Attorney Gabi Lasky, who represents human rights defenders and activists in the popular struggle, and who is a Tel Aviv City Council member for Meretz, said: “On one hand, in a situation of occupation the security forces defend the settlers and land thieves and implement an apartheid regime in the territories. And on the other hand they prevent the residents of that occupied territory from struggling against that [land] theft and apartheid.”

“Instead of ending the injustice they try and curb and prevent non-violent protests. In doing so, the security forces use violence against anyone who attempts to realize their most legitimate right — to protest. That’s what happened here. And this time, like in previous incidents, it ended with death.”

On the non-violent struggle, Lasky said: “The Israeli occupation has found many ways to use force against Palestinian violent struggle. But it doesn’t have an answer to non-violent struggle, aside from sending its leaders to prison.”

Palestinian minister dies after reportedly struck by Israeli troops

Yael Marom is Just Vision’s public engagement manager and a co-editor of Local Call, where this article was originally published in Hebrew.

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    1. Julian

      He wanted a confrontation with Israeli soldiers and he got one. His heart gave out and he died. He thought he was strong enough for a struggle but was just an old weak man who ended up dead. Typical Palestinian.

      Reply to Comment
    2. Jackdaw

      Zia Abu Ein loved his land so much that he murdered for it.

      Now the land is his, a six foot deep hole.

      Reply to Comment
      • Ray

        I guess Zionism is the only cause it’s OK to murder for. Just ask Ariel Sharon.

        Reply to Comment
    3. Merav

      Humor me pls. +972mag with: “the name of the killer of Abu Ein’s RELEASED: the name of the killer is: Boaz Lahav”!

      Ziad Abu Ein “murdered two youths in Tiberias and fled to the United States, was extradited to Israel…and released. Since then he’s been busy with activities against Israel and was advanced to deputy minister of prisoners, and from there to an additional post as minister of the struggle against settlements. His death leaves Israel with one less enemy,” “Almagor isn’t sorry and I welcome his death.”

      – Lt. Col. (ret.) Meir Indor, Director of the Almagor terror victims organization.


      Reply to Comment
    4. Danny

      This is a very dangerous time to be a Palestinian, what with elections looming in Israel and the ensuing desire of our prime minister to up the ante with regard to atrocities committed against Palestinians. No Palestinian is safe at this time, not even those who have VIP status like Abu Ein had.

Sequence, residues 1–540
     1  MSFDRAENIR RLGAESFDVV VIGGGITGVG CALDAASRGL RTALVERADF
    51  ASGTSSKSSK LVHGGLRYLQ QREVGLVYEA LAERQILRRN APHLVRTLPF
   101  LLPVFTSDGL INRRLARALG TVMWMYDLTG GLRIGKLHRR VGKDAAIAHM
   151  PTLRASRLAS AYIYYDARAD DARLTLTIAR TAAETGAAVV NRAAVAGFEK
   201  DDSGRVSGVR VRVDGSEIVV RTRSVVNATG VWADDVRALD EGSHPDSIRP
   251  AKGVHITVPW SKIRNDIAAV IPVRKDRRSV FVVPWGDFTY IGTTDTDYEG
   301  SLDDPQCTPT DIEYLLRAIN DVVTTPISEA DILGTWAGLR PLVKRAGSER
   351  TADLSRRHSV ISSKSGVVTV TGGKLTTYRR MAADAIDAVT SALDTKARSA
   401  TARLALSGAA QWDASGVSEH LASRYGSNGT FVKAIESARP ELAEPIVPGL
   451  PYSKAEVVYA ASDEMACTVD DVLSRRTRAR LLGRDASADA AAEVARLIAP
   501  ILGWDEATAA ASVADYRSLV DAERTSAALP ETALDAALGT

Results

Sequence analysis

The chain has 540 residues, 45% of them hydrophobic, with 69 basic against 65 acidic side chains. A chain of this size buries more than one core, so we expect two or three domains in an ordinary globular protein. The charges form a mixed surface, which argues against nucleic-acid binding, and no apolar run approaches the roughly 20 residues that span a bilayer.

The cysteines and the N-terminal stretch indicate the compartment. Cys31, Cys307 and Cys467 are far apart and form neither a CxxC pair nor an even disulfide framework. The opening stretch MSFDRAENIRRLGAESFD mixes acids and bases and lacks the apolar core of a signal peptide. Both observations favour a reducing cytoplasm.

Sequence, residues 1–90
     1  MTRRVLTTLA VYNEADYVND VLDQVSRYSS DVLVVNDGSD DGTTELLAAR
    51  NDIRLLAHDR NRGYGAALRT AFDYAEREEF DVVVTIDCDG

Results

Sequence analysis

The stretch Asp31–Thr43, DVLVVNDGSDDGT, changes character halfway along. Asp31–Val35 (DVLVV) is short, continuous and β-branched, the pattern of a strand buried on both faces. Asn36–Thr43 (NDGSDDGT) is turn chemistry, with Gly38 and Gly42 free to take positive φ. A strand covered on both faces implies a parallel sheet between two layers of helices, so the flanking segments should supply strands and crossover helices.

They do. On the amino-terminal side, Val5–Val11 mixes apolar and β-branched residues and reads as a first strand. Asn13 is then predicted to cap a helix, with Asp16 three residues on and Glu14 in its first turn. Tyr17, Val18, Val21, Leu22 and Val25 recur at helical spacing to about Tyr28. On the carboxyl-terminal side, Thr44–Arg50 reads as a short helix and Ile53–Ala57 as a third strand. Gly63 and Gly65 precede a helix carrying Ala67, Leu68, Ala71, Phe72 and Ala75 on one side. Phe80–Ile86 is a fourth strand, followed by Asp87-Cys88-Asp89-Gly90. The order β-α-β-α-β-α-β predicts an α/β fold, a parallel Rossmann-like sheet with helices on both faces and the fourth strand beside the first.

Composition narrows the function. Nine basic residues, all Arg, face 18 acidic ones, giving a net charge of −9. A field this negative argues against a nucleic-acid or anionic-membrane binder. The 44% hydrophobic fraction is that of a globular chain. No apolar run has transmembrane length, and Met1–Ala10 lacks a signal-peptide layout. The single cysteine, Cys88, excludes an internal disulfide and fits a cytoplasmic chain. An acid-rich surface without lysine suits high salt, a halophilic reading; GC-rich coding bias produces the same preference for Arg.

Abbas should petition the UNSC for protection against Israeli atrocities that are sure to escalate in the coming weeks and months.

      Reply to Comment
      • Ginger Eis

        HA! ‘Danny the Jihadi’ has figured this one out! Who said Jihadis aren’t very, very clever!

        Reply to Comment
    5. Ben Zakkai

      Big tough IDF soldiers beat and gas a sick old man to death because he had the gall to demonstrate against our thieving illegal occupation, and immediately the whole twisted psychotic Hasbara crowd comes out to cheer. We’ve already heard the first two parts of the standard Israeli/IDF comic opera that they sing after needlessly killing a demonstrator: “We didn’t kill him, and anyway he deserved to die!” I wouldn’t be surprised if by this afternoon we’re hearing the second two parts: “The Palestinians killed him to make us look bad, and actually he’s not really dead, it’s all a Pallywood hoax!” Pathetic.

      Reply to Comment
    6. Sluggo

      This man was filled with hate. Des 30 years too late

      Reply to Comment
    7. Despite pressure from U.S. and Israel, Switzerland to hold summit on Palestinians

      Fourth Geneva Convention signatories to meet Dec. 17; Israel and the U.S. expected to boycott the summit.

      By Barak Ravid 00:38 11.12.140

      Despite pressure exerted by the United States and Israel, the Swiss government has decided to convene on December 17 the states that are party to the Fourth Geneva Convention to discuss the situation on the West Bank, the Gaza Strip, and East Jerusalem.

      The US and Israel will boycott – will wonders never cease?

      Reply to Comment
    8. Average American

      What’s that to the right in the photo for this article? It looks like a wall! With barbed wire on top. Wonder what it’s for. Is it to separate the “Us” from the “Them” in Israel’s xenophobic Berlin-wall Babylonian-era society?

      Reply to Comment
    9. phil

      Some lovely people here celebrating the death of another human being..

      These are the facts of the case:

      He was convicted on the basis of two confessions.. which were later retracted and claimed to be the result of torture.. He always insisted he was somewhere else and there were 14 witnesses to support that claim


      None of you know if the confessions were true or if he actually was somewhere else at the time the two Israeli kids were murdered.. none of you know the truth of the matter..

      I don’t claim to know the truth either..

      However, it is fair to say that not all Palestinians convicted in Israel’s courts have committed crimes..

      It is also fair to say that torture is not unknown in the Only Democracy in the Middle East (TM)..

      So before you go dancing on someone’s grave and handing out candy,

      Reply to Comment
      • Sluggo

        Giving out candies to celebrate deaths? That is what the Palestinians do. Israelis love and respect life.

        Reply to Comment
        • phil

          Sluggo.. no-one could claim that your comment “This man was filled with hate. Des 30 years too late” indicates a love or respect for life..

          Reply to Comment
          • Sluggo

            Phil, the 30 years too late comment was not constructive nor was it consistent with genuine end-of-conflict rhetoric. I agree with you.

            Reply to Comment
    10. phil

      you might give a thought to the fact that he had a family too, just the same as the kids he is alleged to have murdered

      Reply to Comment
    11. Tcherkessi

      The Palestinian people were asked by the Americans and the Europeans to make their cause popular and peaceful. They did that but in exchange still have neither peace nor stability.

      Reply to Comment